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1.  Extensive Intra-Kingdom Horizontal Gene Transfer Converging on a Fungal Fructose Transporter Gene 
PLoS Genetics  2013;9(6):e1003587.
Comparative genomics revealed in the last decade a scenario of rampant horizontal gene transfer (HGT) among prokaryotes, but for fungi a clearly dominant pattern of vertical inheritance still stands, punctuated however by an increasing number of exceptions. In the present work, we studied the phylogenetic distribution and pattern of inheritance of a fungal gene encoding a fructose transporter (FSY1) with unique substrate selectivity. 109 FSY1 homologues were identified in two sub-phyla of the Ascomycota, in a survey that included 241 available fungal genomes. At least 10 independent inter-species instances of horizontal gene transfer (HGT) involving FSY1 were identified, supported by strong phylogenetic evidence and synteny analyses. The acquisition of FSY1 through HGT was sometimes suggestive of xenolog gene displacement, but several cases of pseudoparalogy were also uncovered. Moreover, evidence was found for successive HGT events, possibly including those responsible for transmission of the gene among yeast lineages. These occurrences do not seem to be driven by functional diversification of the Fsy1 proteins because Fsy1 homologues from widely distant lineages, including at least one acquired by HGT, appear to have similar biochemical properties. In summary, retracing the evolutionary path of the FSY1 gene brought to light an unparalleled number of independent HGT events involving a single fungal gene. We propose that the turbulent evolutionary history of the gene may be linked to the unique biochemical properties of the encoded transporter, whose predictable effect on fitness may be highly variable. In general, our results support the most recent views suggesting that inter-species HGT may have contributed much more substantially to shape fungal genomes than heretofore assumed.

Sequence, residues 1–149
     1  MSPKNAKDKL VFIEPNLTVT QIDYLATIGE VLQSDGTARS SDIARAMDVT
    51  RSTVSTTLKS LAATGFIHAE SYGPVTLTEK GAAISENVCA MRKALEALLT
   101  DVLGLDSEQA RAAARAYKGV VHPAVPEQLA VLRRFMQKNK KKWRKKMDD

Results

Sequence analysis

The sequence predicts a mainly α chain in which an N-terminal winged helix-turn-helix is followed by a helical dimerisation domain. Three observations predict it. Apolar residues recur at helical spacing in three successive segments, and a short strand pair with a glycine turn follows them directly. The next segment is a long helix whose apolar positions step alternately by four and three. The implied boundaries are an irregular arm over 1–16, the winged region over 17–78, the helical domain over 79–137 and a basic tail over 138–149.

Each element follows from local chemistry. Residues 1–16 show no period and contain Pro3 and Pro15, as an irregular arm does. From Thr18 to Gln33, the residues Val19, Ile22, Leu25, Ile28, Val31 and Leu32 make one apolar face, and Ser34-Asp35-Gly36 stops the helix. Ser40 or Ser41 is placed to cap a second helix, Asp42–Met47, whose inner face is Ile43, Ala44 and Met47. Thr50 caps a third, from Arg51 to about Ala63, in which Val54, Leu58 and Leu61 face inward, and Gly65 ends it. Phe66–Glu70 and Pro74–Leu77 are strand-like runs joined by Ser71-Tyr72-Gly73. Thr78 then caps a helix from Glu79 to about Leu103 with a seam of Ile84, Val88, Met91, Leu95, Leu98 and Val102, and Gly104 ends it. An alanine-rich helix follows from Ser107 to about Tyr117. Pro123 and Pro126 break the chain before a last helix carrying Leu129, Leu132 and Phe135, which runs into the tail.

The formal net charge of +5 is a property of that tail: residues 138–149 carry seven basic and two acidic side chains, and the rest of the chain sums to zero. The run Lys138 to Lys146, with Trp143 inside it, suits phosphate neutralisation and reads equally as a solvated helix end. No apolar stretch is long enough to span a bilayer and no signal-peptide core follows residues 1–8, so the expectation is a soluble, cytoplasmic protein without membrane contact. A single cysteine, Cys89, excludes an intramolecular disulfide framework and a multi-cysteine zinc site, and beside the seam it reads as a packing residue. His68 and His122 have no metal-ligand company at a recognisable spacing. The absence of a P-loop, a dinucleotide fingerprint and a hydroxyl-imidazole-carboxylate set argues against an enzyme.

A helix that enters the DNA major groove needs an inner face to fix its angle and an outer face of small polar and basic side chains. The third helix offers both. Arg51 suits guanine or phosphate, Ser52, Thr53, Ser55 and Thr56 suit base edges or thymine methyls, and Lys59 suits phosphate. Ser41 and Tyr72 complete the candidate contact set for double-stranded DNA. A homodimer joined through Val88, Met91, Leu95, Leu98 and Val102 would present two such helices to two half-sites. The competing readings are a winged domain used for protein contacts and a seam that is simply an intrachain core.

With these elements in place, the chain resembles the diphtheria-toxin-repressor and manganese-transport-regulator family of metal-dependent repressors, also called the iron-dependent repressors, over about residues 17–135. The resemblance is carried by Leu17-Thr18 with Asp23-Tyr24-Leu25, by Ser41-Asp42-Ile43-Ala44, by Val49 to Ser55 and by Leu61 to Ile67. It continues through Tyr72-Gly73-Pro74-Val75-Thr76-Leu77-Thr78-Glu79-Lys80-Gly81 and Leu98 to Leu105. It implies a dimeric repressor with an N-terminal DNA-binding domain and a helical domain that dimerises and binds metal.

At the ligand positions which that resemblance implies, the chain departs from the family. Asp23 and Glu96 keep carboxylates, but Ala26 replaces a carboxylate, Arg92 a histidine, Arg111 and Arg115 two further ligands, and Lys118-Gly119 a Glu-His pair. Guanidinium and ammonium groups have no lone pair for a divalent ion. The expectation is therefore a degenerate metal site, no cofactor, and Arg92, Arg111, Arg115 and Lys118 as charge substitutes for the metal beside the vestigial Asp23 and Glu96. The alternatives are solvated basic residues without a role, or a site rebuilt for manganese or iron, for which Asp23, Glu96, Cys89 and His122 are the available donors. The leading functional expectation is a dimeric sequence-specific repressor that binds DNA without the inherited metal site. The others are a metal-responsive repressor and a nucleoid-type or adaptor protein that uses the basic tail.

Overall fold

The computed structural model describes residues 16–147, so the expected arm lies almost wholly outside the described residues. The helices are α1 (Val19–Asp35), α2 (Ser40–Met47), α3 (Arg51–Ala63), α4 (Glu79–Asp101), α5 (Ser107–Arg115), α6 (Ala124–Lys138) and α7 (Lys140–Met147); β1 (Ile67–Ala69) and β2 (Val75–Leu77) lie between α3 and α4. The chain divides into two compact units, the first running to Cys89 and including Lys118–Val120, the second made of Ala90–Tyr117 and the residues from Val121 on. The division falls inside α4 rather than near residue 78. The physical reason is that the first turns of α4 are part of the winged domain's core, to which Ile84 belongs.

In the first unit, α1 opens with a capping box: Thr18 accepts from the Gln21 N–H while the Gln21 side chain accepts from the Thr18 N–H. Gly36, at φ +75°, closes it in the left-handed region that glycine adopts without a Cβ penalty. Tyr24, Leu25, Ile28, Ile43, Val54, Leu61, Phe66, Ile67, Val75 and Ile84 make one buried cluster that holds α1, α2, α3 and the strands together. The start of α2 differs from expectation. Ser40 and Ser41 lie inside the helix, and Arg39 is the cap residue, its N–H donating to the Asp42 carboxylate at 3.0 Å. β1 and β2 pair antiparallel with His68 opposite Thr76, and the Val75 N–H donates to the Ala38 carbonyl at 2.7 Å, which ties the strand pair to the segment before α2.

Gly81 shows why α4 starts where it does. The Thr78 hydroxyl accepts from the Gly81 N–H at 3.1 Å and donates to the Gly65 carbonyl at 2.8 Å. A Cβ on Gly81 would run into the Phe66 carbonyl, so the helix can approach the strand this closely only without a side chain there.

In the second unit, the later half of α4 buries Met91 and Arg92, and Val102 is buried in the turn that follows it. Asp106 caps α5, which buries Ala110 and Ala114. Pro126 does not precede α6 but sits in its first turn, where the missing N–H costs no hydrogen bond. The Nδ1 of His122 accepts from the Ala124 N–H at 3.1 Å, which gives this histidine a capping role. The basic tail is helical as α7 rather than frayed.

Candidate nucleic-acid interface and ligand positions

Author Summary
Genes are commonly vertically inherited, meaning that they share the evolutionary history of the organisms in which they are found. However, they can also be transmitted between species with overlapping niches, a phenomenon known as horizontal gene transfer (HGT) that can occur between closely related species but also between organisms belonging to different domains of life. While HGT is very common in prokaryotes, it has been less frequently reported in eukaryotes, including eukaryotic microbes. In fungi, several instances of genes acquired by HGT from bacteria have been reported, but gene exchange between fungal species is thought to be rare. Here, we describe our findings concerning a single fungal gene that seems to have been transferred between fungi very often. We believe this may be related to the fact that the gene can be both very useful and detrimental for the host, depending on genetic background and environment. Our results suggest that exchange of genes between fungi may happen much more frequently than assumed so far.
doi:10.1371/journal.pgen.1003587
PMCID: PMC3688497  PMID: 23818872
3.  Age-related changes in causal interactions between cortical motor regions during hand grip 
Neuroimage  2012;59(4-4):3398-3405.